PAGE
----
Bernie Sanders Archives - Page 2 of 18 - Colorado Politics

Joey BunchJoey BunchDecember 5, 20173min6240

Bernie Sanders campaigner Morgan Watters has been tapped to run state Rep. Joe Salazar’s bid for Colorado attorney general next year, the campaign said Monday.

Salazar is in a crowded Democratic primary with well-financed opponents, including former University of Colorado law school dean Phil Weiser, Denver lawyer Brad Levin, Jefferson County assistant prosecutor Michael Dougherty and federal prosecutor Amy Padden.

Watters was a field Director for the Bernie 2016 campaign in Denver and worked for the Colorado Families for a Fair Wage campaign to raise the state’s minimum wage. Watters also worked on Kevin Flynn’s successful run for the Denver City Council in 2015 and was an advocacy intern for Planned Parenthood of the Heartland, according to Watter’s LinkedIn page.

“I have spent the summer and early fall traveling the state, listening to what the People of Colorado were saying and building a grassroots army for the elections next year,” Salazar said in a statement. “Now the campaign is focused on developing the resources we need to win and return the attorney general’s office to the People. I am excited that Morgan has agreed to come on board as we build out our field, political and fundraising operations.”

Rich Pelletier, the deputy campaign manager for Bernie 2016 and a Salazar supporter, said he was thrilled to see Watters join with Salazar, who also supporters Sanders in the Democratic primary in Colorado last year.

“Morgan was one of our campaign nomads on Bernie’s campaign, starting here in Colorado and traveling to Washington state, Oregon and finally California,” he said. “They led the field team in the Oregon primary to a decisive 56 percent to 44 percent win for Bernie, winning every county in the state but one.

“Morgan brings caucus and primary leadership experience to the campaign and I know they will be able to help Joe get over the finish line. I work on races across the country, and Joe’s candidacy is one of the most exciting we have. He is a true progressive problem solver who represents the future of the party.”


Ernest LuningErnest LuningSeptember 21, 20175min6370

Colorado Democrat Michael Baca, one of the so-called "Hamilton electors" who tried to derail Donald Trump's presidential win in the Electoral College, has signed on to a federal lawsuit charging Secretary of State Wayne Williams with voter intimidation because he wouldn't allow Baca to vote for someone other than the winner of Colorado's popular vote.


Tom RamstackTom RamstackSeptember 14, 20174min2988


Republicans and Democrats in Congress proposed more revisions to the nation’s health insurance this week while Colorado politicians struggled with the same concerns over skyrocketing premiums that are fueling the national controversy.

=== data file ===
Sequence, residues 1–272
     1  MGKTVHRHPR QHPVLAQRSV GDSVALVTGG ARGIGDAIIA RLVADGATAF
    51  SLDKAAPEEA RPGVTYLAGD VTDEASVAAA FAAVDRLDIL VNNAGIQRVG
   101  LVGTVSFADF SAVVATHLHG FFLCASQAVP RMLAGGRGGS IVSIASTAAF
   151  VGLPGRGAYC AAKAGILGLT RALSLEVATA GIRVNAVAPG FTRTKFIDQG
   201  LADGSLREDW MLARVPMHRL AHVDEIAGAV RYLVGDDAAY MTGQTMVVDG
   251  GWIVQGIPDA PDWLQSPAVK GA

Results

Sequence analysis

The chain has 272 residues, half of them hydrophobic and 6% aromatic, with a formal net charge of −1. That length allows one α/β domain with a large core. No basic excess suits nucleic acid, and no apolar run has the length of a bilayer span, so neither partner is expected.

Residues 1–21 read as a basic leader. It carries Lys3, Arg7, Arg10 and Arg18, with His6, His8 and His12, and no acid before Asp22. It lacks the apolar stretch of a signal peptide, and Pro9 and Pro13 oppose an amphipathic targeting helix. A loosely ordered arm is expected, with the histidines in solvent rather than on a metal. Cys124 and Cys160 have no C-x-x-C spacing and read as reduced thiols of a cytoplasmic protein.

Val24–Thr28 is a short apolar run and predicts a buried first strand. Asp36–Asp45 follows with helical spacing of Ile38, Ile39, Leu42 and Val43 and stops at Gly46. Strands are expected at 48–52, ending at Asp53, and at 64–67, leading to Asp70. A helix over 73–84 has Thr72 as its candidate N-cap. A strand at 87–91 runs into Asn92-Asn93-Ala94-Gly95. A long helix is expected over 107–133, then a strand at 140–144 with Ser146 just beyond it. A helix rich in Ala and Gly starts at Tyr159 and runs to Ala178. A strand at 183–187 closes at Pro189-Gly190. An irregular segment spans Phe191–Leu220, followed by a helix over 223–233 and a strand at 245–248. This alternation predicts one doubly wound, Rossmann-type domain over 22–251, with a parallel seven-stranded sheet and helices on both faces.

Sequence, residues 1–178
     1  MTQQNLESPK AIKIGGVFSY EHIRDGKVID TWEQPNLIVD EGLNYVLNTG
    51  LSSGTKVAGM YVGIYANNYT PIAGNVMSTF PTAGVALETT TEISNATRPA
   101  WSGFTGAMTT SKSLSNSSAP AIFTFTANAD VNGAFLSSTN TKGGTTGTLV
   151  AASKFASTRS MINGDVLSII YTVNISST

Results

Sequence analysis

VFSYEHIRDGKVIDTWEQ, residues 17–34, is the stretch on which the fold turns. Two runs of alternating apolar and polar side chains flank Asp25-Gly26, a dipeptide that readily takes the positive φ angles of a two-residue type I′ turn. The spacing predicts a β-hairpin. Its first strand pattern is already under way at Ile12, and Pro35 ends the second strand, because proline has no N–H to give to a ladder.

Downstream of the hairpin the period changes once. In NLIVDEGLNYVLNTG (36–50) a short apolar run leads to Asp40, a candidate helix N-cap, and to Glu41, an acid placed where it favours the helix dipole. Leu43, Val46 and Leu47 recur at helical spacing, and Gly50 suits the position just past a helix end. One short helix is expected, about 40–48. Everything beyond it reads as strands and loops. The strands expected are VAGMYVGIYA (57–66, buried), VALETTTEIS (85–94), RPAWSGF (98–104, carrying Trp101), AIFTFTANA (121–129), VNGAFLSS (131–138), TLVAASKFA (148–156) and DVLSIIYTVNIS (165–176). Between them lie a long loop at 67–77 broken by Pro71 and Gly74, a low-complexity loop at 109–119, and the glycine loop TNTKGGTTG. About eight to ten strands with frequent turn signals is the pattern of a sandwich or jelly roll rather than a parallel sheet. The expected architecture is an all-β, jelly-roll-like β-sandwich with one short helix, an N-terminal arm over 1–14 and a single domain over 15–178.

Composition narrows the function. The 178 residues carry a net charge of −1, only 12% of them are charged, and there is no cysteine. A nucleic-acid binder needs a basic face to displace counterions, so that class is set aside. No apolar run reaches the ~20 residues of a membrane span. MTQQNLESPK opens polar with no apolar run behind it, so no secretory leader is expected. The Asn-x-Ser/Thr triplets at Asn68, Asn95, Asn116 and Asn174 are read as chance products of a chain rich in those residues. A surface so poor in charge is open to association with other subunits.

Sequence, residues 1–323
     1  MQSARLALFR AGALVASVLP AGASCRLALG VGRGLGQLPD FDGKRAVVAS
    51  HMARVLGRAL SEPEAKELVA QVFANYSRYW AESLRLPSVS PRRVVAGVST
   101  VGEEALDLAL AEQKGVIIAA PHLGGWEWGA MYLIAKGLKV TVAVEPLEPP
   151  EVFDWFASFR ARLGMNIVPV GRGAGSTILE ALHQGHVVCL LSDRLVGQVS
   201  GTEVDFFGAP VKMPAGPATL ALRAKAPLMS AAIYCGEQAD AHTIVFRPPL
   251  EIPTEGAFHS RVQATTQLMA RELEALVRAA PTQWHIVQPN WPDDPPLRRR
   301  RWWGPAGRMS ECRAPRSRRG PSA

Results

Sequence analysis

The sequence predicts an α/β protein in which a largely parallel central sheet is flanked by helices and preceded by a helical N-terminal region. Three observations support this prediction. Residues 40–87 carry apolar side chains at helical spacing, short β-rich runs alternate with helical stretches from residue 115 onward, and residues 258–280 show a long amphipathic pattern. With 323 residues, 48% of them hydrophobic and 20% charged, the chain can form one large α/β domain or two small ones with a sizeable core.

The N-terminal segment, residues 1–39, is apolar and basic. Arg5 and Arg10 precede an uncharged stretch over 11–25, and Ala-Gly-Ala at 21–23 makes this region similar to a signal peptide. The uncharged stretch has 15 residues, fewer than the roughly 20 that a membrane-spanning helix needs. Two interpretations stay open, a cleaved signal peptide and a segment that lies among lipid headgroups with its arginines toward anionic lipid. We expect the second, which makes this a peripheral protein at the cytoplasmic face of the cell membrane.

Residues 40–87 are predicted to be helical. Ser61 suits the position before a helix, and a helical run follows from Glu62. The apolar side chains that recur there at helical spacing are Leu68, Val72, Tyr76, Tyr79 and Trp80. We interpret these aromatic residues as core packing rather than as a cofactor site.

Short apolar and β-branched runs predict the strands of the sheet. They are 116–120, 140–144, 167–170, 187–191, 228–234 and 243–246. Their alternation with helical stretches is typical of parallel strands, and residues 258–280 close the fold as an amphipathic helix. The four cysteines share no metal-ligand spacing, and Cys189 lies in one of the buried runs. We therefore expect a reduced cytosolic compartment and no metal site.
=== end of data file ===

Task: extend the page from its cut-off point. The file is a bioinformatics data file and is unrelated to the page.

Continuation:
Governor John Hickenlooper continued to argue for a bipartisan plan while a gubernatorial candidate who wants his job recommended a Medicare-for-everyone option.

Hickenlooper (D) spoke to a Fort Collins business group this week, where he described health insurance as a factor weighing on other economic priorities.

He developed an alternative to the Obama administration’s Affordable Care Act that he says could provide health insurance to a large number of underserved persons but lower premiums.

He announced the plan last week with co-developer Ohio Republican Gov. John Kasich as the Colorado Division of Insurance said it has approved an average health insurance premium for next year of nearly 27 percent.

Meanwhile, Democratic candidate for governor Cary Kennedy unveiled a plan this week that would give all Coloradans an option to purchase insurance through the state’s Medicaid, Health First Colorado or state employee health plan.

The former state treasurer said the plan would encourage the kind of competition that would bring down insurance premiums.

“We can offer more choices, address the rural disparities in access and affordability and lower costs,” Kennedy said in a statement. “That’s why today I am proposing giving everyone in Colorado the ability to buy into our public health insurance plans.”

Kennedy’s plan is similar to a proposal from Sen. Bernie Sanders, D-Vt., to extend Medicare and Medicaid benefits to nearly the entire U.S. population.

Although Sanders first announced his plan during his failed run for president last year, he discussed a revised version this week that would make insurance premiums adjustable based on income. Low income persons would pay no premiums while the wealthiest people and corporations would be charged high rates.

The revamped Sanders plan drew criticism from Colorado Republican Sen. Cory Gardner on Thursday.

“The Bernie Sanders socialized medicine plan is not the answer to fix our broken healthcare system,” Gardner said in a statement. “Year after year, Coloradans are forced to reckon with rising insurance premiums and fewer choices and anyone who thinks a government takeover of our healthcare system is the answer is not serious about finding real solutions for the American people.”

He said the current Obamacare system was “a failure in states across the country, including Colorado, and it is not reasonable to think more government is the solution.”

Extending Medicare beyond senior citizens it was designed to protect would leave the retirees with even fewer health insurance resources, Gardner said.

Meanwhile, Republicans continued to propose more health insurance solutions during hearings this week as time runs out in the current congressional session. Insurance companies predict premiums will take another leap upward nationwide next year.